We visited Magnetic Island for a day trip, leaving the van parked in the casino car park. We had stayed overnight at another free campsite called Bluewater, just north of Townsville. It’s a super popular spot; people were arriving in the afternoon after us and having to leave again as there weren’t any spaces left.
You can actually stay on Maggie Island; there are hostels and hotels, plus iconic electric cars you can hire. It’s also the place where you are more likely to spot a wild koala. Take the Forts Walk and keep a lookout in the surrounding trees.
Book your ferry transfer to Magnetic Island below:
Airlie Beach & The Whitsundays
Being another popular tourist spot, be prepared to pay premium rates for a campsite in Airlie Beach. Even more so if you want to be within walking distance of the town. We pitched up at Seabreeze Tourist Park for a couple of nights. It was close to shops and also within walking distance of the town along a purpose-built boardwalk around the coastal path.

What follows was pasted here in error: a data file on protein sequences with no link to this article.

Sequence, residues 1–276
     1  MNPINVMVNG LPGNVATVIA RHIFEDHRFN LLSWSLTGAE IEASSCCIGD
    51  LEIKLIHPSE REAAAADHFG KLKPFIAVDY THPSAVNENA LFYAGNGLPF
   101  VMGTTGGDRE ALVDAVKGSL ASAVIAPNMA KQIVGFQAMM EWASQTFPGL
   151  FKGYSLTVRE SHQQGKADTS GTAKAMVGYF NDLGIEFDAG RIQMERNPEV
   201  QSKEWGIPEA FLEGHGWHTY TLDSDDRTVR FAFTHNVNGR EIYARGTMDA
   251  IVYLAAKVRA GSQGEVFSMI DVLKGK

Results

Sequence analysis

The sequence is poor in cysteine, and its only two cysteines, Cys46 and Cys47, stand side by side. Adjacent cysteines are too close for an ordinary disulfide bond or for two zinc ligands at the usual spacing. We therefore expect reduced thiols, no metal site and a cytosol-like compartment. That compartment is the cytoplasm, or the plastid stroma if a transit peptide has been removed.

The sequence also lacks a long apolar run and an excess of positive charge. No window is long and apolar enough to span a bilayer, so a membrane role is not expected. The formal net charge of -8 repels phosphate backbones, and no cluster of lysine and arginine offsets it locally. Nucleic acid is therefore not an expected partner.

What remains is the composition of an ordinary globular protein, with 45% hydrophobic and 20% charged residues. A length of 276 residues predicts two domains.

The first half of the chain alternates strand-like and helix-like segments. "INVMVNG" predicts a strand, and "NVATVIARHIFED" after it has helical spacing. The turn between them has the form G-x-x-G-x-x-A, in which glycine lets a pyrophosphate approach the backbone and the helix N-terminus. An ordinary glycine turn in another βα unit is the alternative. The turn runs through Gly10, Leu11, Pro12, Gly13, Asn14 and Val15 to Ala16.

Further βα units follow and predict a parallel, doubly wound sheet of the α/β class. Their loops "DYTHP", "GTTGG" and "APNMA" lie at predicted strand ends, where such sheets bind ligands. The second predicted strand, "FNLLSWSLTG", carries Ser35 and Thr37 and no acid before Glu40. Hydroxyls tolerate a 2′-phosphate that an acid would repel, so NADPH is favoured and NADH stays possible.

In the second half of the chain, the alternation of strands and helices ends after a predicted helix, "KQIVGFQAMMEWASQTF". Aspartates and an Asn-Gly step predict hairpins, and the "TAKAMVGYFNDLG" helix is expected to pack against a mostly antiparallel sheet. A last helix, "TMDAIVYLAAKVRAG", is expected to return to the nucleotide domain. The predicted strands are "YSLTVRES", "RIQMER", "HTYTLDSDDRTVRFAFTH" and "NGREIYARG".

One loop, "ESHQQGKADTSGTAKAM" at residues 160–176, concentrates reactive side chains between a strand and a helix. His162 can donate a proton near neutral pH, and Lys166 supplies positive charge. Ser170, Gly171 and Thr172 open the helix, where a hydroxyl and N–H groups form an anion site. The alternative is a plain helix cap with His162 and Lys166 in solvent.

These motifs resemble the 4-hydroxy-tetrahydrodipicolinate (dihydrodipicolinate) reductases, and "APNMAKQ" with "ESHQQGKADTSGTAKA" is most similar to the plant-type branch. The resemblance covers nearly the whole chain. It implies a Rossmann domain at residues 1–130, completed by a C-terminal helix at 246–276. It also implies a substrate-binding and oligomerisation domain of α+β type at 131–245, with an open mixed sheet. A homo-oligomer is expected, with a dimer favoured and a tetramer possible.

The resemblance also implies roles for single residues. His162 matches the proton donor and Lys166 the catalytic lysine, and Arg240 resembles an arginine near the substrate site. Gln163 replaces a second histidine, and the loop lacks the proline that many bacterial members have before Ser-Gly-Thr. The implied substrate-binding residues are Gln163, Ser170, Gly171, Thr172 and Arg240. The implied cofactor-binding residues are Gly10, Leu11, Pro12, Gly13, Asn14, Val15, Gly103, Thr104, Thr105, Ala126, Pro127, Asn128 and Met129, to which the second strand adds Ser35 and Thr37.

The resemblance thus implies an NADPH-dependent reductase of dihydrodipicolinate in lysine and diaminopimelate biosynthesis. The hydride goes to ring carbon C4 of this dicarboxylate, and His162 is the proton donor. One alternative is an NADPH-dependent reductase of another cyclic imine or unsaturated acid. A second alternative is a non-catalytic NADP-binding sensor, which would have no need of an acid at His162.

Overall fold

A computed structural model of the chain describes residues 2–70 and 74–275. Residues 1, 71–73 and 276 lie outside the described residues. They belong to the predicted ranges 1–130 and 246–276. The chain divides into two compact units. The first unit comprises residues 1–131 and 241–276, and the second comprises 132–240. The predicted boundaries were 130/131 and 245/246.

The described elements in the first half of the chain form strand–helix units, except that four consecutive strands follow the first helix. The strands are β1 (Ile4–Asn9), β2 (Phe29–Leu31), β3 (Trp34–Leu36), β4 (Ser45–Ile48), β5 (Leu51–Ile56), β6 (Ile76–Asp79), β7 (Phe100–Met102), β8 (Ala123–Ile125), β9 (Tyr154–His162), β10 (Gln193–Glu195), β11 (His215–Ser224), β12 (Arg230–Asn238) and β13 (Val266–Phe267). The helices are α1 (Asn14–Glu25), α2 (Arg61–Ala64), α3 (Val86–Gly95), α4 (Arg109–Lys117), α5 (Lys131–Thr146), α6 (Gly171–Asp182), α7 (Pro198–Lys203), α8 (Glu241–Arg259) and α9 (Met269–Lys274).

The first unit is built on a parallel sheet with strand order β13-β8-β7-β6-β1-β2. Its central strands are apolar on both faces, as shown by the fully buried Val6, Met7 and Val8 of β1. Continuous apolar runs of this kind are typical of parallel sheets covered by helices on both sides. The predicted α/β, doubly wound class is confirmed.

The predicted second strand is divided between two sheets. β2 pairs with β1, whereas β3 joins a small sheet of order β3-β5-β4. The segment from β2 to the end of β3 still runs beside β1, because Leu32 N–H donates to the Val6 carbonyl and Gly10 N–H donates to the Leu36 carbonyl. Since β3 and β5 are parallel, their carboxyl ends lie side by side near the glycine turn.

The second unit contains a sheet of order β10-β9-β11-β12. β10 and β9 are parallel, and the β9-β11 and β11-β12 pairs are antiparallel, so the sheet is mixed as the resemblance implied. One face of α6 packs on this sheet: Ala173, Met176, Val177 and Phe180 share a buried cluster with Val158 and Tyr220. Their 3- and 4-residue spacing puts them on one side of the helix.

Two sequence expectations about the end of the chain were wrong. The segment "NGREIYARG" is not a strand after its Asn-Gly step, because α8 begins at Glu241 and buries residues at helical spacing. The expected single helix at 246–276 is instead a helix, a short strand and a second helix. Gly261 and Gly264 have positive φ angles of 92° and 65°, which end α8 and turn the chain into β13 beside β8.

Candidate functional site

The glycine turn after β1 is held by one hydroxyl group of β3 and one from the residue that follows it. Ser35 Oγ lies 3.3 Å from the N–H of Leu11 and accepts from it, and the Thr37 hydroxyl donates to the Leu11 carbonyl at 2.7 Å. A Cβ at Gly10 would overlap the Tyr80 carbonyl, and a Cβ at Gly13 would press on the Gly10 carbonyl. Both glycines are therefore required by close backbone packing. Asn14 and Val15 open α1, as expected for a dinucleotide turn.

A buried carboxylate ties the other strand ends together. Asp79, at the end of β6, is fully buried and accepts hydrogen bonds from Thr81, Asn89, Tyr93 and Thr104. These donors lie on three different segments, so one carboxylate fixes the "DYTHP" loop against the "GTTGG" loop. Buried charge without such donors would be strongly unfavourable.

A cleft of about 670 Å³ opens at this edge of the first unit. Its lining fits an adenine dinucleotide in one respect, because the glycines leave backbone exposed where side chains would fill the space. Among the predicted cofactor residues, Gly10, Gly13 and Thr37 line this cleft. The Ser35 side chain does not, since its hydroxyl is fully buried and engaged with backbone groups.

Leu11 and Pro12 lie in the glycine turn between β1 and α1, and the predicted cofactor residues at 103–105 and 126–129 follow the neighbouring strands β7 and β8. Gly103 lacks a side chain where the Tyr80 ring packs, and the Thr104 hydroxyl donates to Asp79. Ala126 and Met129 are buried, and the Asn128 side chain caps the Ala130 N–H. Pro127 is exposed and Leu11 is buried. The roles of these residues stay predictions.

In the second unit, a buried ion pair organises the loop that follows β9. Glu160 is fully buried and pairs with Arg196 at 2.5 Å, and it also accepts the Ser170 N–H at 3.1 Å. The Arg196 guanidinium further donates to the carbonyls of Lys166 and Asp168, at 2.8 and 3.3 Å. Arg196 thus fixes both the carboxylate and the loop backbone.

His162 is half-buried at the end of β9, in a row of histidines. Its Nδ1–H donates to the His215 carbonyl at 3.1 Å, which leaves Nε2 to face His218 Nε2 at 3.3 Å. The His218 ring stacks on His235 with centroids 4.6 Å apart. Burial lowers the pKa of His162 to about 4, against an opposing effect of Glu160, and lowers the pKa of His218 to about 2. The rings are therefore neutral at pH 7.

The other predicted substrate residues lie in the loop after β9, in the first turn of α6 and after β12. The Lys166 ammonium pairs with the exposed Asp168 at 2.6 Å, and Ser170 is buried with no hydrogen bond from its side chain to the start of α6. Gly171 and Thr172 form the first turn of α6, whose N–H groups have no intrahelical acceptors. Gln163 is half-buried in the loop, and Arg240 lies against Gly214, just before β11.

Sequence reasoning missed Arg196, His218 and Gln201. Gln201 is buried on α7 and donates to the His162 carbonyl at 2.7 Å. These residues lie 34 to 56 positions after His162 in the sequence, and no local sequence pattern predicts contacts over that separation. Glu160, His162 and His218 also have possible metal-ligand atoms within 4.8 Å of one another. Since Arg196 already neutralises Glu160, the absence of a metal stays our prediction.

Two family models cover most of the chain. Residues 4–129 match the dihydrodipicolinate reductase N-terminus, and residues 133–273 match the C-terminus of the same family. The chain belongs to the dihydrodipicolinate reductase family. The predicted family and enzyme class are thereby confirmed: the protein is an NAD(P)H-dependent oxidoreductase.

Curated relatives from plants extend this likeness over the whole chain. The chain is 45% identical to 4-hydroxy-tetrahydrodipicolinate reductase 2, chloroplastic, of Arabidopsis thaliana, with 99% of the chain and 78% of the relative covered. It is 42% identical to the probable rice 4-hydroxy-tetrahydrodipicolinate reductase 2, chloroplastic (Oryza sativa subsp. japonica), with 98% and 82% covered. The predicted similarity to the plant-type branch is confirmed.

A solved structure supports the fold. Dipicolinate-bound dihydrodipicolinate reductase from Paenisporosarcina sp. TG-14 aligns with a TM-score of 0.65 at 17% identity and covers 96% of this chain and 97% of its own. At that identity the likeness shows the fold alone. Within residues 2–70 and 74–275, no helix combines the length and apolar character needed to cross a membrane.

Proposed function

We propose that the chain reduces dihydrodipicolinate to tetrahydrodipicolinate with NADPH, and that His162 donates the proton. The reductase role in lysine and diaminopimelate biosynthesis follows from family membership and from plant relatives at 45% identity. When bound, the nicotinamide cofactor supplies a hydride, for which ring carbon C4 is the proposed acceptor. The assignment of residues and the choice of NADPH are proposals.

We went out to the Whitsundays on a day trip. Being one of those touristy ‘must-sees’, we were prepared to be totally underwhelmed by, but it blew us away completely. The water was cleaner and the aquatic life more visible than the Great Barrier Reef section we had visited from Cairns. The tour operator we went with was awesome. Super friendly staff and the fastest boat in the area meant we could take in loads of the Whitsundays all in one day. We had lunch on Whitehaven Beach, snorkelled two amazing sites, and enjoyed a cheeky cocktail at an exclusive island resort. It was definitely money well spent.
Book your own incredible Whitsundays experience here:
We cannot and will not stop going on about Carnarvon Gorge. Even now, we are STILL sharing photos on Instagram from our time there. We only wish it could have been longer.
It was a commitment to drive there in the first place, and we split that up over two days. The first night we stayed at the back of the local pub for $10. We could shower and bought a hot meal. Technically it was a powered site, but the power cable provided by most rental companies will not work for less commercial campsites i.e. the ones in the middle of nowhere. Something about the power being different in remote place to the power provided in big towns.